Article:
Source:Stewart W. Brewer:JBMS:8:1:1999:Professor M. Wells Jakeman...claimed that the scene carved in bas-relief on the stone was a representation of Lehi's vision of the tree of life

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Stewart W. Brewer (1999): "Professor M. Wells Jakeman...claimed that the scene carved in bas-relief on the stone was a representation of Lehi's vision of the tree of life"

Stewart W. Brewer, "The History of an Idea: The Scene on Stela 5 from Izapa, Mexico, as a Representation of Lehi's Vision of the Tree of Life," Journal of Book of Mormon Studies 8:1:

In 1941 Matthew W. Stirling of the Smithsonian Institution of Washington, D.C., conducted preliminary archaeological investigations at the site of Izapa in Chiapas, near Mexico's southern border with Guatemala.1 During his work there, Stirling unearthed a large carved stone monument which he labeled Stela 5. Nearly a decade later, Professor M. Wells Jakeman, founder and chairman of the Department of Archaeology at Brigham Young University, claimed that the scene carved in bas-relief on the stone was a representation of Lehi's vision of the tree of life as reported in the Book of Mormon.2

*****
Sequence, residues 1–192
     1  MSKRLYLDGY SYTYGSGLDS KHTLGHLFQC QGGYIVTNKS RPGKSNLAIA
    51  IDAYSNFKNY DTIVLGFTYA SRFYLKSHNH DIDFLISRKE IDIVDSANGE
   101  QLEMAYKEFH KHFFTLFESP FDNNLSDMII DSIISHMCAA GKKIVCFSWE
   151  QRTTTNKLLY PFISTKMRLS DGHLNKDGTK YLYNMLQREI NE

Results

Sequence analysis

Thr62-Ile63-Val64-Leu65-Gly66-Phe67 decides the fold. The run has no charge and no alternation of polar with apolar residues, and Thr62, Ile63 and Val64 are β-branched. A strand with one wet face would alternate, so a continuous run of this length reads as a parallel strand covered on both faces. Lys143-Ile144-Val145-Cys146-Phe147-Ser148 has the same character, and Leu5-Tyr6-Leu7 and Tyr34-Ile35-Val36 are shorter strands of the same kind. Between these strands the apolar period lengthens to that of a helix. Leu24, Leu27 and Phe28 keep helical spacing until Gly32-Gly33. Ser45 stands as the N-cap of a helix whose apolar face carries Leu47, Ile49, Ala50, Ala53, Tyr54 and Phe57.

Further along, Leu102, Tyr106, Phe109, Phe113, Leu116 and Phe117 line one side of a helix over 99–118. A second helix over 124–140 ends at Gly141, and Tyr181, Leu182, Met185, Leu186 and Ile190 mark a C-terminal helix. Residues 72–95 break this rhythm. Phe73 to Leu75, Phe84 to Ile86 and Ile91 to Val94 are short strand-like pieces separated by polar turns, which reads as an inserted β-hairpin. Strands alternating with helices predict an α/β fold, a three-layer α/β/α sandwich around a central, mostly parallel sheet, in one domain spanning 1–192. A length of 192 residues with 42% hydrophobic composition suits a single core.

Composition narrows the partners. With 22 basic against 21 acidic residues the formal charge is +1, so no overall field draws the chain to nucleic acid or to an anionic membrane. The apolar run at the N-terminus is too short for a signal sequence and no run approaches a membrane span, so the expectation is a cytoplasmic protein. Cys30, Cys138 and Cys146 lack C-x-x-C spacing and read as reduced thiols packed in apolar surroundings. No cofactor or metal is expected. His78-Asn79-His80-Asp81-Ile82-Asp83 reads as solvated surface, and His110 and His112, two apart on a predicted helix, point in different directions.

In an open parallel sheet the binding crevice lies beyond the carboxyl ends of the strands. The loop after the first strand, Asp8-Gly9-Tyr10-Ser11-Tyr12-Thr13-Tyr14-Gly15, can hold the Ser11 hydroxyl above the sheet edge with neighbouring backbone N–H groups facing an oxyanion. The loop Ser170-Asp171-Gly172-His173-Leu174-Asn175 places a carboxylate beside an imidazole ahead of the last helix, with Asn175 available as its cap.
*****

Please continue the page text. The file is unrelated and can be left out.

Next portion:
Since that time Latter-day Saints have either accepted or rejected Jakeman's proposal to varying degrees. Many have enthusiastically accepted his conclusions, while others believe that his claim lay somewhere between tenuous and outrageous. Notwithstanding criticisms from the beginning, Jakeman's thesis gained widespread support in succeeding years from lay people and some scholars. This article presents a historical sketch of the reactions by Latter-day Saints and others to this claim about Stela 5 and discusses some of the historical implications of acceptance or rejection of Jakeman's theory. —(Click here to continue) [1]

Notes

  1. Stewart W. Brewer, "The History of an Idea: The Scene on Stela 5 from Izapa, Mexico, as a Representation of Lehi's Vision of the Tree of Life," Journal of Book of Mormon Studies 8:1 (1999)